Tag Archives: nagging

“Stop nagging me about watching the game!”

“Sweetness” Walter Payton by Mimi Stuart ©

While some sacrifices need to be made in any relationship, giving up what you truly enjoy will only lead to resentment. It won’t enhance the passion and vitality between the two of you.

Make sure you find a balance between spending quality time together and pursuing your own passions. Your relationship will flourish if each person supports the other in pursuing their interests, while also making an effort to come together to enjoy each other on a regular basis.

Yet don’t expect you or your partner to behave perfectly. If your partner becomes controlling, be civil while expressing how important your own interests are to you. For example,

“Please don’t ask me to give up something that I truly enjoy. I’d like to watch the game without feeling guilty about it. But I really want to do something with you later when the game’s over.”

by Alison Poulsen, PhD

Related article: “Were you out on the golf course again? I’ve been here alone all afternoon.”

“Stop nagging me!”

"Perspectives" by Mimi Stuart ©

“Perspectives” by Mimi Stuart ©

Accusing someone of nagging is an unnecessary provocation of hostility.

Even though it’s annoying to be reminded over and over again to do something, it’s best to resist getting defensive by saying “Stop nagging me.” If you respond like a child when you are treated like a child, the relationship pattern turns into an unpleasant parent/child dynamic: the disappointed parent trying to control the sullen or rebellious child.

Instead, you can avoid this dreaded pattern if you continue to act like an adult by asserting boundaries while showing compassion. Try to use understanding and reason while being honest about your needs. Simply because somebody wants you to do something doesn’t mean you have to do it. However, relationships thrive only with candid, respectful and honest communication. Be clear. Let the person know if you plan to do the thing being asked later or simply don’t want to do it.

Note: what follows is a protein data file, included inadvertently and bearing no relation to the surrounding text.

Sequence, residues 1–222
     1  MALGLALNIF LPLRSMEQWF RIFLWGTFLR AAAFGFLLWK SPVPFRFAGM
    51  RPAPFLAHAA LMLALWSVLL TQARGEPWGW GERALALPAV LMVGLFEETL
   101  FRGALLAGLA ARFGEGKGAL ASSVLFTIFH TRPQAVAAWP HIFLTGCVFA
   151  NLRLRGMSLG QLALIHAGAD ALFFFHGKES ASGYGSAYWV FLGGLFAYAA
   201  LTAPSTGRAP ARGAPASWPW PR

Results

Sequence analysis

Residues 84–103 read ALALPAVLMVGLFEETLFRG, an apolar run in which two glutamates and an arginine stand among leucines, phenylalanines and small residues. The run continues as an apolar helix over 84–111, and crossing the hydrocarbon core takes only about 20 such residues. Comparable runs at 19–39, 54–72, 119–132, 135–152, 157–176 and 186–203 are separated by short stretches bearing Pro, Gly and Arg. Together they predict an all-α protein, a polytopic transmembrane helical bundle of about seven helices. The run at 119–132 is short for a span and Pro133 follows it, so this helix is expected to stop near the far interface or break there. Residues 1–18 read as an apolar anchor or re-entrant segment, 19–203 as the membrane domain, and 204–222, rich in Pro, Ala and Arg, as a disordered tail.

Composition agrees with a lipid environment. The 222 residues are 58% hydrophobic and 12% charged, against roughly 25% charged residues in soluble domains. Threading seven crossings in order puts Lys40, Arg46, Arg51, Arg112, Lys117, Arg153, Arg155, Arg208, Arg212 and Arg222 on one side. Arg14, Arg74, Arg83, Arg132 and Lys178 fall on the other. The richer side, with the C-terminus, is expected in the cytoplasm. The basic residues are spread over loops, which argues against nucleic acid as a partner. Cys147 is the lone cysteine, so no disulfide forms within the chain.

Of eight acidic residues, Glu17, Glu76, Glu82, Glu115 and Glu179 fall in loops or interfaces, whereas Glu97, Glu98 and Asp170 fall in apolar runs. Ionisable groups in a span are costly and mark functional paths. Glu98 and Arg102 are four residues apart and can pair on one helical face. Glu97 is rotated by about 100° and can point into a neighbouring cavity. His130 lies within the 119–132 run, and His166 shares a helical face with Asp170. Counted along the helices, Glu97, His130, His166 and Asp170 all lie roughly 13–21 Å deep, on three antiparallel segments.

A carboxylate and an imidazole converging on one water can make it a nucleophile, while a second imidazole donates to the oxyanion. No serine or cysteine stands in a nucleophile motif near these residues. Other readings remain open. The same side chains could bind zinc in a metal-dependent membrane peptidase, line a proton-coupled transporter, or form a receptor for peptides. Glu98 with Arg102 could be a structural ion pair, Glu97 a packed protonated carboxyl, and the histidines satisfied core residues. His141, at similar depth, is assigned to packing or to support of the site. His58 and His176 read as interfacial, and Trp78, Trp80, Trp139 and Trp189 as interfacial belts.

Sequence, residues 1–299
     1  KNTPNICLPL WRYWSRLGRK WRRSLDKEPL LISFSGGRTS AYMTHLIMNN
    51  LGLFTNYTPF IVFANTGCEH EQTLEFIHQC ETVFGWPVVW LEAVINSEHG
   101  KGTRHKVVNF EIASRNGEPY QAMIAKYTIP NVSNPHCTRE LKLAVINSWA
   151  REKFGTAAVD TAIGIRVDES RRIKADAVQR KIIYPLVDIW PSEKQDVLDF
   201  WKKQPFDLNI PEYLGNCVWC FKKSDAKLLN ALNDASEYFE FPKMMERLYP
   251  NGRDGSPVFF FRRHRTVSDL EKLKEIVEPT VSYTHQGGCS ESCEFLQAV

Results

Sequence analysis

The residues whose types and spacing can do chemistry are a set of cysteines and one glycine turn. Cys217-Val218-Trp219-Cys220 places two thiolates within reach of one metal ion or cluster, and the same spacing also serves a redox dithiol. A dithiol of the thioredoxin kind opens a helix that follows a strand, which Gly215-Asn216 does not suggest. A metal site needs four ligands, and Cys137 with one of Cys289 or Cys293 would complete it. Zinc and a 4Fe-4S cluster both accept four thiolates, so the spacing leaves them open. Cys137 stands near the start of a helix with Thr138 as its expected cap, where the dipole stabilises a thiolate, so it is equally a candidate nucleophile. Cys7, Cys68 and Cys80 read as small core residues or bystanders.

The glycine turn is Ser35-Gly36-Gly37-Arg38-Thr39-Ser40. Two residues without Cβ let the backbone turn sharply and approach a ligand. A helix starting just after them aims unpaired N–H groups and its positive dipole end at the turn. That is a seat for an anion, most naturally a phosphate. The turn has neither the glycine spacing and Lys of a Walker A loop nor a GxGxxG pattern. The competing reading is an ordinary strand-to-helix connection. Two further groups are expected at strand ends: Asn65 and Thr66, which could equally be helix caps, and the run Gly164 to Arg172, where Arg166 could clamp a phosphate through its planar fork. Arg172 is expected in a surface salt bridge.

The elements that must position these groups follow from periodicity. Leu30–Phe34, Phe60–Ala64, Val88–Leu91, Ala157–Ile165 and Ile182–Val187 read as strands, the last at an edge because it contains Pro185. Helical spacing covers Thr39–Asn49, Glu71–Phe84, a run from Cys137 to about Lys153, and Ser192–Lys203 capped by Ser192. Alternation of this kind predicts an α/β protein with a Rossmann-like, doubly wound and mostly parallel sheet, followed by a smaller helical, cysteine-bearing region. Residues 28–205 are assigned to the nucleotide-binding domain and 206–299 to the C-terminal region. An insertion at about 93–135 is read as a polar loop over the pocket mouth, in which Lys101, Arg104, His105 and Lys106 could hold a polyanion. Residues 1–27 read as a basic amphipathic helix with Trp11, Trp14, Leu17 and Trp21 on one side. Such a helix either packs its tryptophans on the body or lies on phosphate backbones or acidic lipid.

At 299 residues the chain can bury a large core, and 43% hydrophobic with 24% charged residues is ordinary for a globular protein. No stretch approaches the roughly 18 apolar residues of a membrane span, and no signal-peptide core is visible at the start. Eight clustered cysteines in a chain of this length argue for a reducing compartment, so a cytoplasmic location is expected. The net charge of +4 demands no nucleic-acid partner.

Here are some examples of how to respond. More important than the specific wording is your tone of voice.

I heard you. Unfortunately I won’t have time to do that any time soon. Perhaps you can take care of it.

Or

I know you have good intentions but I need to tell you that I feel like a child when you tell me several times what you want me to do. Please just ask once.

Or

I plan to get it done tomorrow. When you repeat yourself, I get very defensive. It would be helpful if you would resist repeating it.

Or

I first want to finish what I’m doing. Please don’t ask me again.

When people repeat themselves and tell others what to do, it may be that they are frustrated by not knowing whether you remember what they’ve asked. So it helps to be clear about whether and when you are willing to help.

Or it may be that they are projecting their own anxiety onto those around them. If you respond with hostility, the anxious person will feel justified in thinking that you are the cause of his or her anxiety.

If on the other hand you remain calm and reasonable, and speak with candor and self-confidence, the anxious person is less likely to spiral into increased anxiety. Harmony can more easily be restored.

by Alison Poulsen, PhD

Read “Stop nagging me about watching the game!”

Read “Defensiveness: ‘What do you mean by that? You’re always attacking me!’”

Read “Compassionate Confrontation: ‘He said he’d spend more time with me, but has not followed through.’”